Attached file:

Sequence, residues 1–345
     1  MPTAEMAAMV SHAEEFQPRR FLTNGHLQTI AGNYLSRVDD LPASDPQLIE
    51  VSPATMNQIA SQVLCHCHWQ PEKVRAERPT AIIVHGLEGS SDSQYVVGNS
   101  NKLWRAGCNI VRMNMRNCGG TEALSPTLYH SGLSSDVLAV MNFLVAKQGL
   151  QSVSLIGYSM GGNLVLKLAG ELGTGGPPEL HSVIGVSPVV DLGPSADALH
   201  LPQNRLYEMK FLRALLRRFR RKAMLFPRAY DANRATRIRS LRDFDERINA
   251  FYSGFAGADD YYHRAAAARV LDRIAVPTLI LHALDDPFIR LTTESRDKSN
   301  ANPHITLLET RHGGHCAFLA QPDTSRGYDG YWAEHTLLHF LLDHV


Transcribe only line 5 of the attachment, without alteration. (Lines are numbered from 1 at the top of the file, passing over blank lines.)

   151  QSVSLIGYSM GGNLVLKLAG ELGTGGPPEL HSVIGVSPVV DLGPSADALH